CAD Tech News (#63)3 May, 2017 By: Cadalyst Staff
Belgium-based developer expands the scope of BricsCAD with support for building information modeling (BIM), sheet metal design, and Intergraph's plant design package.
By Cyrena Respini-Irwin
With AutoCAD, Autodesk has long enjoyed the lion's share of the 2D CAD market, but it is far from the only option available: Numerous companies develop competing CAD applications that support the DWG file format. Many of these competitors, which offer varying levels of capabilities, have promoted themselves as lower-cost alternatives to AutoCAD. Ever since Autodesk began its transition to a subscription-only licensing model, however, these applications have been drawing new attention from professionals for whom licensing flexibility, not price, is the primary concern.
The Belgium-based company Bricsys, developer of BricsCAD, has experienced this firsthand. "We received over the past weeks, tons of e-mails from large companies saying they are fed up [with Autodesk]," said Mark Van Den Bergh, COO of Bricsys, at a media event held at the end of April. Although Bricsys offers rental licenses, the vast majority of its business — perhaps 95% — is in perpetual licenses, according to CEO Erik De Keyser.
The BricsCAD name may be unfamiliar to many who use CAD software; Bricsys has maintained a tight grip on spending over its 15-year life, limiting expenses such as marketing. "We force ourselves to be profitable, and then you have to be lean," said De Keyser. Now, the company has established "substantially different technology" than its competitors, De Keyser believes, and is ready to make itself known to a broader audience, without fear of being written off as an AutoCAD clone.
"We are starting what I would call a second life now," said De Keyser, who expects the workforce of fewer than 150 people to reach 300 or 400 in the next 3 to 4 years. He is determined to keep his company lean, however, with sales shouldered by an 80-country network of resellers and a heavy emphasis on development staff. Although Bricsys may need to slightly reduce its investment in R&D — which currently accounts for 40-45% of spending — during this time of growth, the company's priorities won't change. "I think we will stay about 80% developers," De Keyser predicted. "What we are good in is basic research and development — that's the focus." Read more »
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Cyrena Respini-Irwin is Cadalyst's editor in chief.
Industry watcher counted ninety-seven manufacturers producing and selling additive manufacturing systems in 2016, making established providers sweat a bit.
By Cadalyst Staff
In April, the independent consulting firm Wohlers Associates published Wohlers Report 2017, a review and analysis of the additive manufacturing (AM) and 3D printing industry. (The two terms are often used interchangeably, although additive manufacturing sometimes denotes higher-volume production, such as creating hundreds of dental bridges and crowns for end use instead of one prototype of a part for design verification.) Input for the report was collected from service providers, industrial system manufacturers, producers of third-party materials and low-cost desktop 3D printers, experts, and organizations in 31 countries. This is the 22nd consecutive year that the annual report has been published.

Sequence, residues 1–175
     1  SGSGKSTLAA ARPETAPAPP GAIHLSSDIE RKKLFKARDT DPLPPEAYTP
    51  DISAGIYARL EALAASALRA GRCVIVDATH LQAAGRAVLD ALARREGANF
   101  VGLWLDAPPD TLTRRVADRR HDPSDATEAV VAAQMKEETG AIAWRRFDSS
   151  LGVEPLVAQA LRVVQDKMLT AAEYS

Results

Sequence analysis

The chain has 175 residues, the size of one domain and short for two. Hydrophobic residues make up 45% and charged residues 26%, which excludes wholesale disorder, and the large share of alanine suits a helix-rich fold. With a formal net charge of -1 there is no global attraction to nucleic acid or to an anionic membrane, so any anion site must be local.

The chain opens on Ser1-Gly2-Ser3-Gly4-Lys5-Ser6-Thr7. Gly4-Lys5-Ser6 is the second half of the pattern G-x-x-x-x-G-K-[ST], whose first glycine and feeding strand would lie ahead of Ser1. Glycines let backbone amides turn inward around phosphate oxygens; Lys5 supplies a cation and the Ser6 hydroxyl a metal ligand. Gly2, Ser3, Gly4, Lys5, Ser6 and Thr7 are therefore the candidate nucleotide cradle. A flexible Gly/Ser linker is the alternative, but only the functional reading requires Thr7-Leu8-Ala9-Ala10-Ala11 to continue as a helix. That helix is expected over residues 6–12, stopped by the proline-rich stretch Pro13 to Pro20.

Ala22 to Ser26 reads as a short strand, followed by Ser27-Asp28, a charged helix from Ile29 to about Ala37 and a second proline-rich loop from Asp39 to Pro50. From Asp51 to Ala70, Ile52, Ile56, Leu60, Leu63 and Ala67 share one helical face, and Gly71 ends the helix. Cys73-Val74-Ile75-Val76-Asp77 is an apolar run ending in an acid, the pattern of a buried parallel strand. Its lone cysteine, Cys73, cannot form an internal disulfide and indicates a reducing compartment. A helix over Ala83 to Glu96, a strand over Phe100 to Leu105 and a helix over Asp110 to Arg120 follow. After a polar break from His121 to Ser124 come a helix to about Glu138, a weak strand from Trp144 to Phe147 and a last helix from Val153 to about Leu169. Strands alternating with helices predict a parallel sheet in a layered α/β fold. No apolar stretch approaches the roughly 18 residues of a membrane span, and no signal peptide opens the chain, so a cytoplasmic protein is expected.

Wohlers Report 2017 states that 97 manufacturers produced and sold additive manufacturing (AM) systems in 2016; this figure is an increase from 62 companies in 2015 and 49 in 2014. According to Wohlers Associates, "This wave of development and commercialization is putting pressure on established producers of AM systems."
According to the report, The AM industry grew by 17.4% in 2016, down from 25.9% the year before. Much of this decrease in growth came from declines by the two largest manufacturers of AM systems, which together represent $1.31 billion (21.7%) of the $6.063 billion AM industry. "If these two companies were excluded from the calculations, the industry would have grown by 24.9%," Wohlers Associates stated in a press release. Read more »
Fourth-generation models described as most secure to date; ZBook 17 G4 can be configured for virtual reality.
By Cadalyst Staff
HP has unveiled four additions to its fourth-generation lineup of HP ZBook mobile workstations, joining the HP ZBook 15u Ultrabook announced in January. The company describes the new models as the most secure and manageable mobile workstations to date, incorporating security features such as HP Sure Start Gen32, reportedly the industry's first self-healing PC BIOS with comprehensive encryption, as well as strong authentication, malware protection, data protection, identity assurance, and threat detection and response. In addition, the powerful HP ZBook 17 G4 can be configured to visualize work in virtual reality (VR).
Sponsored: A Design Tour of the HP Z2 Mini, Part 2
The project's lead mechanical engineer discusses the achievements — and the challenges — of designing the world's smallest workstation. Read more »
CAD Manager: Your Training Wake-Up Call, Part 2
Instructor-led, remote, one-on-one — all types of training have their own requirements, so it's crucial to learn the differences. Read more »
AutoCAD Video Tips: Mind the Gap in AutoCAD!
Snapping to gaps in linetypes in AutoCAD used to be impossible — until the amazing system variable LTGAPSELECTION came along! In this video from Cadalyst and Lynn Allen, you'll see how to finally snap to the gap after all these years. Watch the video »
LULU Software Provides Full PDF Capability in Cloud-Based Solution
With Soda PDF Anywhere, users can create, convert, and edit PDF documents, then digitally sign and send them — all from a browser. Read more »